During the taping of the show, I was very focused and never felt for a moment that I was being flirted with. They only made it appear that way in the post-production/editing process. Regardless, I nailed my pasta. That’s different, too; we use fresh pasta at LT, and it cooks in about 3-4 minutes—which is much different than dry which takes about 10. But they had dried pasta on the set, and I needed to think and adjust.
At the last minute, I realized I needed texture to complete this dish, so I grabbed some pine nuts and lightly toasted them. Alex, one of the judges, suggested to me that I fry them to make them crispy. I explained that pine nuts are never in my kitchen, and I was not familiar with frying nuts.
You only see about 10% of what really went on at the judge’s table. The comments they had for my opponent in that first round were pretty critical, but they were rather kind to me. Perhaps for television, they feel as if they need to be nicer to the loser.
They had prepared us on what to do once the winner was announced. In other words, where to walk and turn and how to exit. Ironically, as the loser was exiting, I inadvertently began to follow him out. Bobby grabbed my arm and said, “You’re not going anywhere.”
After winning, I relaxed quite a bit. I was excited to get on to Round 2. There was a bit of a break. The culinary team then came in to clean up, taking away things we would not need for Round 2 when I would go up against Bobby.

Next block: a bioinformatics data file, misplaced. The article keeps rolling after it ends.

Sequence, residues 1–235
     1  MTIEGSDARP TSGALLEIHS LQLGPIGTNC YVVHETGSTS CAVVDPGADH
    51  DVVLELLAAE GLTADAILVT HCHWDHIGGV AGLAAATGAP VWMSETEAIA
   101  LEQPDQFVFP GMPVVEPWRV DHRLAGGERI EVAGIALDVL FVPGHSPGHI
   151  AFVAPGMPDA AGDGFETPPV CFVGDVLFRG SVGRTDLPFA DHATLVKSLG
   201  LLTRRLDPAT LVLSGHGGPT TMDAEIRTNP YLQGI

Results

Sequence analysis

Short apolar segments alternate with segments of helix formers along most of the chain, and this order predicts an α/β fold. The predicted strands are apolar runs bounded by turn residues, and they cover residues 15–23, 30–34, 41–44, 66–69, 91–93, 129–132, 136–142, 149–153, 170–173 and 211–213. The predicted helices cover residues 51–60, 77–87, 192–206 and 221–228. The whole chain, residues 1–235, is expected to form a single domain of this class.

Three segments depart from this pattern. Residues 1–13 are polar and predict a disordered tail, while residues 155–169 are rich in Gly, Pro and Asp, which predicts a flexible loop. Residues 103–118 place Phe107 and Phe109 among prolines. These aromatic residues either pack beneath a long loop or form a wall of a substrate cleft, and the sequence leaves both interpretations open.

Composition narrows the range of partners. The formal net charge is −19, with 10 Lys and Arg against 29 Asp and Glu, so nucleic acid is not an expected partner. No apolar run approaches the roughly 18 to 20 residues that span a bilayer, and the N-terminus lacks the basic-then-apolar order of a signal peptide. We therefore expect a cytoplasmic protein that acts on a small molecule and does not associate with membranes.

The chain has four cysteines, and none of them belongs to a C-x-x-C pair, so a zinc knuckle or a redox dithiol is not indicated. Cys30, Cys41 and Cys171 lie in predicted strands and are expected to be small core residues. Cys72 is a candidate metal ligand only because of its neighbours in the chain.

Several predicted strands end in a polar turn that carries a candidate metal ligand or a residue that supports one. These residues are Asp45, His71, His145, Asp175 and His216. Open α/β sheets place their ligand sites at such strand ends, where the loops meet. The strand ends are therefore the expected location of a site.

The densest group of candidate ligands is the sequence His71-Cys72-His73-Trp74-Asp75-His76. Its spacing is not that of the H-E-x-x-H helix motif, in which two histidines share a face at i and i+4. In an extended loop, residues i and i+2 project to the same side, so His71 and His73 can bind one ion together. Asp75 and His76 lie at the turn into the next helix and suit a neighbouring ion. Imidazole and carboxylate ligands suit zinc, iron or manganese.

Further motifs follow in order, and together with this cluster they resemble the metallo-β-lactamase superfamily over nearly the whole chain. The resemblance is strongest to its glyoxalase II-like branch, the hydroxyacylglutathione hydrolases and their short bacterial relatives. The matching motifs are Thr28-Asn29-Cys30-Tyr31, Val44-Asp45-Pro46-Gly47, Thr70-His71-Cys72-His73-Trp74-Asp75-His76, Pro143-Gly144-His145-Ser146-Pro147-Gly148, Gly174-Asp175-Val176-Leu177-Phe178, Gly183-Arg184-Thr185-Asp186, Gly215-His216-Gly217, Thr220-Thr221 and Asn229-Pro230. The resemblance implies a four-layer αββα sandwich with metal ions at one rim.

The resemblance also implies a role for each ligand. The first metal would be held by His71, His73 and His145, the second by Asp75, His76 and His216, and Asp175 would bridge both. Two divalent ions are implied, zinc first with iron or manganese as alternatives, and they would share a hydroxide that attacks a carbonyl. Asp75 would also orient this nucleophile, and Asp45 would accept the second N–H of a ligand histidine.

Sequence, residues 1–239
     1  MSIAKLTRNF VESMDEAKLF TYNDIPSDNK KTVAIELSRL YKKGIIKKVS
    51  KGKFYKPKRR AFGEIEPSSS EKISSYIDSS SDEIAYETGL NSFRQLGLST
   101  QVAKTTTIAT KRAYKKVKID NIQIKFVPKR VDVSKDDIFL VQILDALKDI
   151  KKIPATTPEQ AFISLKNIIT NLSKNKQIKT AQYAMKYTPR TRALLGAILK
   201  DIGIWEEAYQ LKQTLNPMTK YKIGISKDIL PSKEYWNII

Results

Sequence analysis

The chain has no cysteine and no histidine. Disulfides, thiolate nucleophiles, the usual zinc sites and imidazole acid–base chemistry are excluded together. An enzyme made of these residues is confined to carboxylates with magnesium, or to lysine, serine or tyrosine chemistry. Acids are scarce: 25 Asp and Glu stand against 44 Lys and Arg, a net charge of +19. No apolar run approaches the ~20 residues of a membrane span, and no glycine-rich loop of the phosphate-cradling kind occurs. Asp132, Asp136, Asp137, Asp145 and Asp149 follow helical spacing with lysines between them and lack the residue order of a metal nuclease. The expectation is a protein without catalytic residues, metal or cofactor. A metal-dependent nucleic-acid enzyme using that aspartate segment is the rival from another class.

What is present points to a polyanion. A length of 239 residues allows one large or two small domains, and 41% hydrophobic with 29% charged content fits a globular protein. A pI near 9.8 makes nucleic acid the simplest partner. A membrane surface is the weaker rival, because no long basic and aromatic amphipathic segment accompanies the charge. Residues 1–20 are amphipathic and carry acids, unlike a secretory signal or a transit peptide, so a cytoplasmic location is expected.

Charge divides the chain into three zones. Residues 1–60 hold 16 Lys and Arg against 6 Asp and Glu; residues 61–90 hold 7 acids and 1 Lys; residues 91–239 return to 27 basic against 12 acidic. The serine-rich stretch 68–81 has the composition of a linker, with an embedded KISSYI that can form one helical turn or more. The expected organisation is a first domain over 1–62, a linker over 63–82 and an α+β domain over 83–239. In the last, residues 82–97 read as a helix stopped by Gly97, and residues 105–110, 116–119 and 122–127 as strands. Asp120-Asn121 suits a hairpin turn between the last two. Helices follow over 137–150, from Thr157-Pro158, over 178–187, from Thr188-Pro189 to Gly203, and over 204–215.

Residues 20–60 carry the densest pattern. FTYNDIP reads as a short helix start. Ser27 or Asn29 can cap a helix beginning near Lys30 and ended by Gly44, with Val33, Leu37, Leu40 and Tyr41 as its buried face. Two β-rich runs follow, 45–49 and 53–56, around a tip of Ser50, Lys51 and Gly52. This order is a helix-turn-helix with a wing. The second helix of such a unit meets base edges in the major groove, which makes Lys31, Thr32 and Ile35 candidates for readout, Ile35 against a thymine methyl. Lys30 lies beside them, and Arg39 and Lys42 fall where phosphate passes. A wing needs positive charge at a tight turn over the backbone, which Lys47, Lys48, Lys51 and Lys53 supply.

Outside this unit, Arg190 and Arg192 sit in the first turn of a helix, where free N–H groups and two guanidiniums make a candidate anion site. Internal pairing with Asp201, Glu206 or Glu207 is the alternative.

I don’t remember that whole stretching thing with Bobby, but apparently, that was a nervous thing on my end.
The first thing Bobby said to me when I released my signature dish was, “That has something to do with spinach, doesn’t it?” To which I coyly replied, “It’s a debated subject.” And it truly is a recipe with many variations.
Choosing the signature recipe was a challenge for me. There had been quite a bit of back and forth with New York about what my signature dish would be. I would suggest one thing, and they would counter with another idea. We were in our weekly marketing meeting with Epiphany and Stephanie went over to the bookshelf, opened our book up to the page that held the Oysters Rockefeller and slid it across the table to me. That’s when I knew, “That’s the dish.” It was a recipe I could make happen in that 45-minute window, and I could execute. And, too, it was an honest choice. I had made plenty of oysters during my tenure at Nick and Rudy’s. Even before that, I had worked in New Orleans where I became familiar with the family that birthed the recipe. Not sure if it is a joke or the truth, but I’ve heard that the story behind the name is they are named Rockefeller because they are so rich. And, too, when we first opened Lockeland Table Oysters Rockefeller was on the menu.